performed. I am interested in going through the literature on the American
Orthodox community and examining whether similar linguistic phenomena exist
(or not) in the Reform movement, with a specific eye to the discussion of
"mosaic" and "conflicted/dual" identities of Reform American Jews.

About myself, I was born in Israel to Israeli parents, and moved with my
family to the United States (Los Angeles) when I was six. I suppose my
interest in this topic arises from my own somewhat conflicted/dual
identification with both Israel and the US. I was not raised in the Reform
movement, rather we went to Chabad when I was young, though I know teach
Religious School at two Reform synagogues in New York. I was very happy to
find out about this list, and I look forward to the resources that I am
sure it will offer.

Best regards,

Erez Levon
NYU Linguistics 719 Broadway Fifth Floor NY NY 10003
tel: 212 998 7950 email: EML246 @

The limits of my language are the limits of my world. - Wittgenstein

Date: Wed, 26 Jun 2002 06:23 -0700
From: Sarah Bunin Benor <sbenor @>
Subject: In search of a publication (fwd)

If anyone has information about this publication, please respond directly
to Tanya Brant <Tanya.Brant @>.

---------- Forwarded message ----------
Date: Tue, 25 Jun 2002 14:26:24 -0400
From: "Brant, Tanya" <Tanya.Brant @>
Subject: Publication

We are trying to purchase the publication Judeo-Yemenite Studies:
Proceedings of the Second Internatonal Congress by Ephraim Isaac. Is it
available through you or do you know who is selling it?

Thank you
Tanya Brant
Blackwells Book Services

Date: Thu, 27 Jun 2002 21:41 +0200
From: Leonard Prager <lprager @>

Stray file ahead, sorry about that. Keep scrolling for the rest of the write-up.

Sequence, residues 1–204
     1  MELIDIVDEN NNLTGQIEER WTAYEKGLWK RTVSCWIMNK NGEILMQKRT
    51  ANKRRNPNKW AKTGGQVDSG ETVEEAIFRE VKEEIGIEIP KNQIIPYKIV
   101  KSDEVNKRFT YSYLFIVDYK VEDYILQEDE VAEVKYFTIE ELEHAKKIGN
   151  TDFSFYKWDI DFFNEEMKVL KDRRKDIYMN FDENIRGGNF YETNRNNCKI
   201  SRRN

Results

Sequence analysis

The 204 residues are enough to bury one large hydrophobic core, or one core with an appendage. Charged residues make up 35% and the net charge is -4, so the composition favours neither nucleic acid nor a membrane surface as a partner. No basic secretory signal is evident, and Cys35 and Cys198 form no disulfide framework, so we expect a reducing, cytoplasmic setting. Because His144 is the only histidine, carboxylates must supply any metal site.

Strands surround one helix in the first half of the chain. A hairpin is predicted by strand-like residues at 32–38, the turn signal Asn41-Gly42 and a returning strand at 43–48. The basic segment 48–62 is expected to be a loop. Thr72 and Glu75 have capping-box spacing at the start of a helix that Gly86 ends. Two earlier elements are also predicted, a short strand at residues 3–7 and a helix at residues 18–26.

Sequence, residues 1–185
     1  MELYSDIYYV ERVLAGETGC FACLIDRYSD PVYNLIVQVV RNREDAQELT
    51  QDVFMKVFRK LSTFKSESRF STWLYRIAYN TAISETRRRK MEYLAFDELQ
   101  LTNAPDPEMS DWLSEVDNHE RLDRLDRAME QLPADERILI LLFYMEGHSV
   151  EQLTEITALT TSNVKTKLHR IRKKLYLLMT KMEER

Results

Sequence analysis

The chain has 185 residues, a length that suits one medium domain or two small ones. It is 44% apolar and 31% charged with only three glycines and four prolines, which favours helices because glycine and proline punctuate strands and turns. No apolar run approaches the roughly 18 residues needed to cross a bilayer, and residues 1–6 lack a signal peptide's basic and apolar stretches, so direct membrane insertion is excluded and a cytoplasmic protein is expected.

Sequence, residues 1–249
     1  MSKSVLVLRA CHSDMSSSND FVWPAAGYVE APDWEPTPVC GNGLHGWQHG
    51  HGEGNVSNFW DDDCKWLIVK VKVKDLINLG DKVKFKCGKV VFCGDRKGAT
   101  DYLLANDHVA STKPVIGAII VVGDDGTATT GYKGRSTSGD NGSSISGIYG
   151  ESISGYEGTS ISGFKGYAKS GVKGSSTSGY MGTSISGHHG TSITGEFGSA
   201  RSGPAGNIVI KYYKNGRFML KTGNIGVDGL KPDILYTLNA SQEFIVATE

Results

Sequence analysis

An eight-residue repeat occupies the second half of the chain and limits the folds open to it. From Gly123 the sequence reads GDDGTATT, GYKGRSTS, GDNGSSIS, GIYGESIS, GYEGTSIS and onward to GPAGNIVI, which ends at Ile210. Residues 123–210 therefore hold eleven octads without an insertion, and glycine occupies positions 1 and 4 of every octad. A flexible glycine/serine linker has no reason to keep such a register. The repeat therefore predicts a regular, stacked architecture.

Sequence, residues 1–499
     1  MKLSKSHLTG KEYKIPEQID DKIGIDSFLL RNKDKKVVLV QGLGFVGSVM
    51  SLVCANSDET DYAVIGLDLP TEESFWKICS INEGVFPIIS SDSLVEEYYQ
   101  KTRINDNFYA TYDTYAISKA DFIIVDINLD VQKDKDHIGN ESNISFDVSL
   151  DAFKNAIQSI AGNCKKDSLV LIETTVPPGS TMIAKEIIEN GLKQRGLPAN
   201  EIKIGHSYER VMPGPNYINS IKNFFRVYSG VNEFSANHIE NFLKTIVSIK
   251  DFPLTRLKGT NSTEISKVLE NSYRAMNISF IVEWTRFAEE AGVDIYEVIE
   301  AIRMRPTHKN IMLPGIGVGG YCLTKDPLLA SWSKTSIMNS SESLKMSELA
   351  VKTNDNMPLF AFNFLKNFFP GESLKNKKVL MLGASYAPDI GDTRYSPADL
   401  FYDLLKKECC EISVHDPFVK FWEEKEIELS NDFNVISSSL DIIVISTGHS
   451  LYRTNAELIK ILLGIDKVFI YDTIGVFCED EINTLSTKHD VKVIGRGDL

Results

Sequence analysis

Subject: Fw: SEGEL-PLUS: Reviving Aramaic as a spoken language

John Myhill <John @>

----- Original Message -----
From: John Myhill
Sent: Thursday, June 27, 2002 8:52 AM
Subject: SEGEL-PLUS: Reviving Aramaic as a spoken language

Dear segel-plus readers,
I am writing this because I would like to know if any of you have
suggestions on how to approach the Israeli government with a project I
am working on. The project is to revive Aramaic as the spoken language
of the Maronite community in Israel (eventually replacing Arabic), with
the ultimate goal being for this to spread to other Middle Eastern
Christians here and in other countries. There are about 8,000 Maronites
in Israel, and preliminary research has suggested that they are quite
interested in such a project. I have also been in contact with Maronite
intellectuals overseas, including trained linguists, and they are very
enthusiastic about such a project. As a linguist, I can also say that
Israel is the best place to start this project, because Israeli society
encourages the maintenance of relatively small communities speaking
distinctive languages (as long as they aren't Jewish!), as can be seen
by the categorical maintenance of Armenian by the 5,000 Israeli
Armenians and the categorical maintenance of Circassian by the 3,000
Israeli Circassians. Additionally, because the Israeli Maronites know
Hebrew, and because Hebrew and Aramaic are such closely related
languages (they are both Northwest Semitic, and much closer to each
other than either are to Arabic, which is a South Semitic language),
learning Aramaic will be relatively easy for them.

Aramaic is the ancestral language of all of the Christians of the area
which is now Israel, Lebanon, Syria, and Iraq (Maronites switched to
speaking Arabic about 500 years ago). A number of these groups,
including the Maronites (numbering about 2 million worldwide, although
there may be more) and the Assyrians/Chaldeans (numbering about 3
million), have kept Aramaic (also known as Syriac in this guise) as
their sacred language. These people generally do not consider themselves
to be `Arabs', in spite of the fact that they speak Arabic as their